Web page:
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UNEMPLOYMENT

SBAB forecasts interest rate cut

Swedish state-owned mortgage lender, SBAB, has given hope to hard-hit homeowners by forecasting an interest rate cut in December.

A swift decline in the rate of inflation will prompt the Swedish Riksbank to revise its plans for further base rate rises, forecasts SBAB in a new state of the market forecast.

“We are counting on the Riksbank cutting the base rate at its next meeting in December when the first indications of a lower rate of inflation begin to show,” said Tomas Pousette at SBAB in a press release.

SBAB believes that the Swedish economy will also benefit from financial policy and follow the US pattern with high growth returning already in 2009. GDP growth is forecast to amount to 1.9 percent in 2008 and 2.3 percent in 2009.

SBAB forecasts that the Riksbank will cut the base rate from 4.50 percent to 3.5 percent by next summer. This will lead to a rebound in house prices after a short dip.

By 2010 SBAB forecasts that Swedish GDP will climb to 3.2 percent. Consumer prices are expected to climb 3.7 percent in 2008, 2.2 percent in 2009 and 1.7 percent in 2010.

Open unemployment is forecast to be 6.0 percent in 2008 and 2009 and to climb to 6.2 percent in 2010.

ECONOMY

Sweden’s Riksbank raises rates above zero for first time since 2014

Sweden's central bank has increased its key interest rate to 0.25 percent, marking the first time the rate has been above zero for nearly eight years.

Sweden's Riksbank raises rates above zero for first time since 2014

In a press release announcing the move, the bank said that it needed to take action to bring down the current high rate of inflation, which it predicts will average 5.5 percent in 2022, before sinking to 3.3 percent in 2023.

“Inflation has risen to the highest level since the 1990s and is going to stay high for a while. To prevent high inflation taking hold in price and wage developments, the directors have decided to raise interest rates from zero to 0.25 percent,” it said.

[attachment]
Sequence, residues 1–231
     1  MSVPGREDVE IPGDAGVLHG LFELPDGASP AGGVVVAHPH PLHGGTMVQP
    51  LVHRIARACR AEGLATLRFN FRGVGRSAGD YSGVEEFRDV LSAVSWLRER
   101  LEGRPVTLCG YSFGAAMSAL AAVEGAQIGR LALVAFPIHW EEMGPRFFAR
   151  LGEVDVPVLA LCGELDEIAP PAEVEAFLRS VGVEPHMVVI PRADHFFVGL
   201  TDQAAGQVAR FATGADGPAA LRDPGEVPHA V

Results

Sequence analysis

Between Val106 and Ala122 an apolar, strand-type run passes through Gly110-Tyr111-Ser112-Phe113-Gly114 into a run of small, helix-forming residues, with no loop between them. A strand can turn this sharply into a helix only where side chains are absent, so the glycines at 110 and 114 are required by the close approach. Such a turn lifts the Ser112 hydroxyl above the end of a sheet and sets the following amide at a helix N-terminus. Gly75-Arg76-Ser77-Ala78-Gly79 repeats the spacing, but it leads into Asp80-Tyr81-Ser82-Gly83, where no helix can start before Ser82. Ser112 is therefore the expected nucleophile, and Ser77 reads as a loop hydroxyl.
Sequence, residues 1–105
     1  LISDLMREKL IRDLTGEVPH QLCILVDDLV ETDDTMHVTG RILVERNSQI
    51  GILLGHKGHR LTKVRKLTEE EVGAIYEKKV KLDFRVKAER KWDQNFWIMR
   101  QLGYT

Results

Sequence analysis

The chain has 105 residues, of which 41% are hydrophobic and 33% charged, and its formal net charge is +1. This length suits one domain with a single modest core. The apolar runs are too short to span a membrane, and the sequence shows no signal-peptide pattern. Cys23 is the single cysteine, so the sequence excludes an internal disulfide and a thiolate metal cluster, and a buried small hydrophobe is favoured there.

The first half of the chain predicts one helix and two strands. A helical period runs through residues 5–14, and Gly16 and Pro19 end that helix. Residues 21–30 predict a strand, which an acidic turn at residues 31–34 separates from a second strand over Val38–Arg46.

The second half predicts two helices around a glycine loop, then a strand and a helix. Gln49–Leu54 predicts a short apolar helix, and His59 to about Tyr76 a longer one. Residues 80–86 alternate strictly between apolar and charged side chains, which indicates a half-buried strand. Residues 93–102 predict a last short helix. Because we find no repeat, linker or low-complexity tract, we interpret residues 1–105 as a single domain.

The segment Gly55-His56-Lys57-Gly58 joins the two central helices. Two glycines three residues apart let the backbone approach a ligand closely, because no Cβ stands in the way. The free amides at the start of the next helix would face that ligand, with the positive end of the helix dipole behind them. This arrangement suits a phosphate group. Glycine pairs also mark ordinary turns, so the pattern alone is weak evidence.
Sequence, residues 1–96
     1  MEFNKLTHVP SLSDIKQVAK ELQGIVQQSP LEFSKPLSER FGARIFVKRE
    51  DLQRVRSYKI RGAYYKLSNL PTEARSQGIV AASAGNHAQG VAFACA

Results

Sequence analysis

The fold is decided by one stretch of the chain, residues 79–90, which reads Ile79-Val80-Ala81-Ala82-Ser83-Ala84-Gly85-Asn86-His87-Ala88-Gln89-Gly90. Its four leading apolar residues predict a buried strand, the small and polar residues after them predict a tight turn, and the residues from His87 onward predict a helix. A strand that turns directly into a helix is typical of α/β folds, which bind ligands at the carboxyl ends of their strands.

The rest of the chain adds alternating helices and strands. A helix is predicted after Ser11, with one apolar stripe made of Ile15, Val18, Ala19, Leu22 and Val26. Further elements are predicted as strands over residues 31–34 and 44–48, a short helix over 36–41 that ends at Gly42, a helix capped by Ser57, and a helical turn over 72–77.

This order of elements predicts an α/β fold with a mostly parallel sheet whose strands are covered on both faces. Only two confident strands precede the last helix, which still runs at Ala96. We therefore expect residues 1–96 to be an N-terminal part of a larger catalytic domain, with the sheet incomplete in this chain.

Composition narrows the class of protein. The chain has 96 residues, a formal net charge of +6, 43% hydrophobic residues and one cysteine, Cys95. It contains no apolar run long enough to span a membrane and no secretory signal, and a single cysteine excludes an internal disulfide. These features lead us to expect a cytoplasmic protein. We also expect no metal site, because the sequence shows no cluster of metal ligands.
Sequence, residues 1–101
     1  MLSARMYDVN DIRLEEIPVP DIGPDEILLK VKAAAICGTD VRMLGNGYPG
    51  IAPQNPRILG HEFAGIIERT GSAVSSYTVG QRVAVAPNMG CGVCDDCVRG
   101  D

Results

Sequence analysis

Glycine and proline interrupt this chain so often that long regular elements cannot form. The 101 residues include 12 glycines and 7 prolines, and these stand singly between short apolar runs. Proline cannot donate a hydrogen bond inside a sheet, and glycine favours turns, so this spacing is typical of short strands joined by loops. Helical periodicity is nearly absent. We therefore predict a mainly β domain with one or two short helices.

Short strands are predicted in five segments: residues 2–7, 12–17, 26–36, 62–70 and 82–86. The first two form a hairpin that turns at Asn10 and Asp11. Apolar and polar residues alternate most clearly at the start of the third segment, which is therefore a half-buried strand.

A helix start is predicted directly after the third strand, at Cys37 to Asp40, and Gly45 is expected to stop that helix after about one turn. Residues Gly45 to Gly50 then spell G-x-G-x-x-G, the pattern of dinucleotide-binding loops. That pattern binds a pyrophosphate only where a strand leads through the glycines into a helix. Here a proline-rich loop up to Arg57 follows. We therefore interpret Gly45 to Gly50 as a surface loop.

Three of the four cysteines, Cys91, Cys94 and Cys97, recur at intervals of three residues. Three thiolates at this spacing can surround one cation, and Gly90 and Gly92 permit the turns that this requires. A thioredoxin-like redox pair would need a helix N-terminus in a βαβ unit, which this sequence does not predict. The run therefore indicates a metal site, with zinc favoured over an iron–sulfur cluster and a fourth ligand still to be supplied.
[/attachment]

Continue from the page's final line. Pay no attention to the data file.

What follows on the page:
The Riksbank, which is tasked by the government to keep inflation at around two percent, has been caught off-guard by the speed and duration of price rises.

Just a few months ago, in February, it said it expected inflation to be temporary, predicting there was no need to increase rates until 2024.

The last time the key inflation rate was above zero was in the autumn of 2014. 

In the press release, the bank warned that the rate would continue to increase further in the coming years. 

“The prognosis is that the interest rate will be increased in two to three further steps this year, and that it will reach a little under two percent at the end of the three-year prognosis period,” it said. 

According to the bank’s new future scenarios, its key interest rate will reach about 1.18 percent in a year, and 1.57 percent within two years. 

In a further tightening of Sweden’s monetary policy, the bank has also decided to reduce its bond purchases. 

“With this monetary policy we expect inflation rates to decline next year and from 2024 to be close to two percent,” the bank wrote. 

Annika Winsth, the chief economist of Nordea, one of Sweden’s largest banks, said the rate hike was “sensible”. 

“When you look at how inflation is right now and that the Riksbank needs to cool down the economy, it’s good that they’re taking action – the earlier the better. The risk if you wait is that you need to righten even more.” 

She said people in Sweden should be prepared for rates to rise even further. 

“You shouldn’t rule it out in the coming year. Then you’ll have a once percentage point increase which will go straight into fluctuating mortgage rates.” 

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